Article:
1- You like to ask questions? But when you asked them as a child, you were told faith is a gift from God and you shouldn’t question it. This never satisfied you, although others didn’t seem to have a problem with this view.

2- The trinity never made any sense to you even as a young child.

You couldn’t believe that people who didn’t believe in Jesus couldn’t go to Heaven.

Even though you were told to pray to Jesus, you preferred to pray to God the father, rather than Jesus, the Son of God.

3- You always related to the stories in the Hebrew bible more than to the stories in the New Testament.

4- You found you related well to Jewish people you met at work or at school even though they were very different culturally and religiously from your own family.

5- When you first learned about the Holocaust you reacted more emotionally than did other members of your own family or your friends.

6- When you started to learn about Judaism; you felt Jewish ideas and values were very reasonable, and Jewish traditions and heritage were very attractive. You felt you were coming home.

If most of these statements apply to you, you probably have a Jewish soul. If you can find a possible Jewish ancestor you definitely have a Jewish soul.

To learn more about Kabbalistic beliefs in reincarnation, and the reincarnation of Jewish souls in the non-Jewish descendants of Jews who were cut off from the Jewish People, read God, Sex and Kabbalah by Rabbi Allen S. Maller or visit Rabbi Maller’s website: rabbimaller.com


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Philo-Semitic Poles And Others

Nazi-German annoucement of the introduction of...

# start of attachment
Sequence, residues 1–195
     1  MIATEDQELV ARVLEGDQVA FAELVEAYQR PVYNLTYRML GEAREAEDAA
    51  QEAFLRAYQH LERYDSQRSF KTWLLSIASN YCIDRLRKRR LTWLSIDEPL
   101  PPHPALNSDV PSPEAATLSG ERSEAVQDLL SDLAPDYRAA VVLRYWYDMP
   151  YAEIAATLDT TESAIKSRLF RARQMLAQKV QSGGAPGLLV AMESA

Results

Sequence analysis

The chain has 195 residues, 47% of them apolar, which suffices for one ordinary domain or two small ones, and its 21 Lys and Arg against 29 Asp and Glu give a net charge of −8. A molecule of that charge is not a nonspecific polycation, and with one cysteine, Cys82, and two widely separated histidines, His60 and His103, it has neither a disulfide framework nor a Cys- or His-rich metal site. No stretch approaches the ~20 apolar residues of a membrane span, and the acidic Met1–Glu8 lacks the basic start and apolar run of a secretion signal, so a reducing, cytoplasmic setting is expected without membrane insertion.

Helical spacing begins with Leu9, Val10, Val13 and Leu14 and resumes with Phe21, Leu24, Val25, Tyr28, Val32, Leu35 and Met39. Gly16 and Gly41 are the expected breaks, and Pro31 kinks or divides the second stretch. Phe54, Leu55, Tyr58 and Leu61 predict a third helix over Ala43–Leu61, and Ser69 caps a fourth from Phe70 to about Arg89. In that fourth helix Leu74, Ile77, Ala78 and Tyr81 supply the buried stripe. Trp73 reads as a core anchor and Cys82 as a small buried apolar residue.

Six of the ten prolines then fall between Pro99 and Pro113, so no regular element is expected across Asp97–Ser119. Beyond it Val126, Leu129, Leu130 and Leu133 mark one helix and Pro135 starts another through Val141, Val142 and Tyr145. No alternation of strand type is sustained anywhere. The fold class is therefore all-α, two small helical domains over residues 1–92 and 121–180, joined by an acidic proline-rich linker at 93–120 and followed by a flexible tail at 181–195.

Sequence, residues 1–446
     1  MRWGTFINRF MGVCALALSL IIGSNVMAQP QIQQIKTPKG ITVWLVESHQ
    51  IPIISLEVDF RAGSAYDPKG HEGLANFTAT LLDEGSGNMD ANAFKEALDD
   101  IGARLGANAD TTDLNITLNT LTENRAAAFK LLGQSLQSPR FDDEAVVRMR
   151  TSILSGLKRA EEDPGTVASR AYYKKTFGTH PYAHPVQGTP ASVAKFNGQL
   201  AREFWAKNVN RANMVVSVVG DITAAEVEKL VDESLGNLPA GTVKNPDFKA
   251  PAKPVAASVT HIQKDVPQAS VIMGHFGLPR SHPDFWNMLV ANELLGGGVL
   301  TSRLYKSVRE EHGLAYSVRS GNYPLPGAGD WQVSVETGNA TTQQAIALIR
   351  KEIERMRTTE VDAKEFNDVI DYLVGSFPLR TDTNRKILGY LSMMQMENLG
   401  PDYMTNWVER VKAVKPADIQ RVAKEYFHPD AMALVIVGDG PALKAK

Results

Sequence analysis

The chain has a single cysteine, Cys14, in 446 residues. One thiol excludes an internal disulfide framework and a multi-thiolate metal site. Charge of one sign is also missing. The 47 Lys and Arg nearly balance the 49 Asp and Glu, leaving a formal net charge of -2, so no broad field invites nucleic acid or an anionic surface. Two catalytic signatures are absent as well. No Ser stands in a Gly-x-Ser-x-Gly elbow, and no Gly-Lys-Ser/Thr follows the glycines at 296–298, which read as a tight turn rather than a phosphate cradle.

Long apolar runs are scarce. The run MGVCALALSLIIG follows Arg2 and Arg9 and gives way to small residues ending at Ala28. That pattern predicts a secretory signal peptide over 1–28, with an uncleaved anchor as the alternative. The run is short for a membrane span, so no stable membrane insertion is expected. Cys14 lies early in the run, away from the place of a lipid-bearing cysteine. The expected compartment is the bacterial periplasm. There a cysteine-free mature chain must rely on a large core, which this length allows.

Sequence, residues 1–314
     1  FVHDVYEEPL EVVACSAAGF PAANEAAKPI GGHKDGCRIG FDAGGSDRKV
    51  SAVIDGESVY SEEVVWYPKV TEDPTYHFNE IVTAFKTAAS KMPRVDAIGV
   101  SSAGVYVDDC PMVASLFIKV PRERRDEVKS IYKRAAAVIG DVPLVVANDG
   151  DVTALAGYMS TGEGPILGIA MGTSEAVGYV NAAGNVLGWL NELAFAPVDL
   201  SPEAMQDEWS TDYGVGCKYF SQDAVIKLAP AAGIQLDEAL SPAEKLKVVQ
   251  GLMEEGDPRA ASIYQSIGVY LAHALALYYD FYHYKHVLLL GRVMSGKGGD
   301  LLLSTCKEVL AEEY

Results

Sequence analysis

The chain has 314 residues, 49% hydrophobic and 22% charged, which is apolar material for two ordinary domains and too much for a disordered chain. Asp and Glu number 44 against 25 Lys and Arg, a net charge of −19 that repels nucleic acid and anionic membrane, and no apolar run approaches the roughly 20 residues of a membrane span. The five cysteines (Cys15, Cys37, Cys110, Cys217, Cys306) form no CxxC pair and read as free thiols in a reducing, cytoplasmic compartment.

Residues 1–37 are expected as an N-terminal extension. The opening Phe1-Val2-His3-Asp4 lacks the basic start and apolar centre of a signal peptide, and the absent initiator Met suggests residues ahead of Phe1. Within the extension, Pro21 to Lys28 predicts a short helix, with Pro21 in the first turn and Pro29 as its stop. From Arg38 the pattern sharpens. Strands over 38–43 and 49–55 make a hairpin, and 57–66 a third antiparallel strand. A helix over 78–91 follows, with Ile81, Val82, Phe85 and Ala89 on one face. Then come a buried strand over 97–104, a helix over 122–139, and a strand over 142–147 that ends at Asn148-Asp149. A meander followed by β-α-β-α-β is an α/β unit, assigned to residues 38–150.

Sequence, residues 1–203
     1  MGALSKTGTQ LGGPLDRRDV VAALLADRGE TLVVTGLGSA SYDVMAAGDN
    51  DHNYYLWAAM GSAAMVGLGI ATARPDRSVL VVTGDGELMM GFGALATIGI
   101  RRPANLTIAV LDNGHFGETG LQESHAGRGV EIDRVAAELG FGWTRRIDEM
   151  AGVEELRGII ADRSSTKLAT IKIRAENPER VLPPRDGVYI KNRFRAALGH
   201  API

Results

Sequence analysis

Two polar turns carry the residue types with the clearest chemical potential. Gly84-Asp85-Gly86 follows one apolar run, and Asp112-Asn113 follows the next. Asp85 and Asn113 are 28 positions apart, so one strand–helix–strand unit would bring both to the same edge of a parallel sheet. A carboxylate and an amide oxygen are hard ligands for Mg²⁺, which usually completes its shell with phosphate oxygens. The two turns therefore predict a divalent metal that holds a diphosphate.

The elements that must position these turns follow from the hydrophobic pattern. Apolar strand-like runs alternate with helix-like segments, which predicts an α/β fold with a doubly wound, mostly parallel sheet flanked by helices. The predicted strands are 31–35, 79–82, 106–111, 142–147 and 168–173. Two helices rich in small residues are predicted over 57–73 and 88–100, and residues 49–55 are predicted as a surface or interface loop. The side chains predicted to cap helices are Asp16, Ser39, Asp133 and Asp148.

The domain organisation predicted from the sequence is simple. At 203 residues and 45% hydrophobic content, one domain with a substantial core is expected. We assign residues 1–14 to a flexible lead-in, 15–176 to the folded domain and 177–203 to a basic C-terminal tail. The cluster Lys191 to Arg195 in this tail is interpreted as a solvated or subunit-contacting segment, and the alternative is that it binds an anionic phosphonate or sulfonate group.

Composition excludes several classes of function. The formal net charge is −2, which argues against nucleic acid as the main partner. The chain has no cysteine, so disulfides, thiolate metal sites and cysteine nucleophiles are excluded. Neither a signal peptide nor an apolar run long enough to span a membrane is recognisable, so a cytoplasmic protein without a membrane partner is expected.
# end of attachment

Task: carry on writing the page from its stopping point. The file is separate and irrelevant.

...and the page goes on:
Nazi-German annoucement of the introduction of the death penalty for Jews leaving the ghettos and for Poles helping them; dated Nov. 10th, 1941 (Photo credit: Wikipedia)

By Rabbi Allen S. Maller

On November 23, 1939, Hans Frank, head of the Nazi Government General that ruled central Poland, declared that all Jews above ten years of age were to wear a white badge with a Star of David on their right arm.

By October of 1940, almost 400,000 Polish Jews had been confined in a 3.5 square mile ghetto in Warsaw, an area which normally housed about 160,000 people. The Warsaw ghetto was surrounded by a wall 10 feet high that was sealed off on November 15, 1940. Jews were forbidden to go outside the area on penalty of being shot on sight.

One day, a young Jewish woman who escaped from the Warsaw Ghetto a few days before it was sealed shut, was riding on a streetcar when Gestapo men boarded and began checking identity papers. The woman had no papers and was not wearing the Jewish star.

In a panic she turned to an older Polish gentleman sitting next to her, and in a whisper begged his help. He yelled, “Foolish woman, how can you be so stupid?”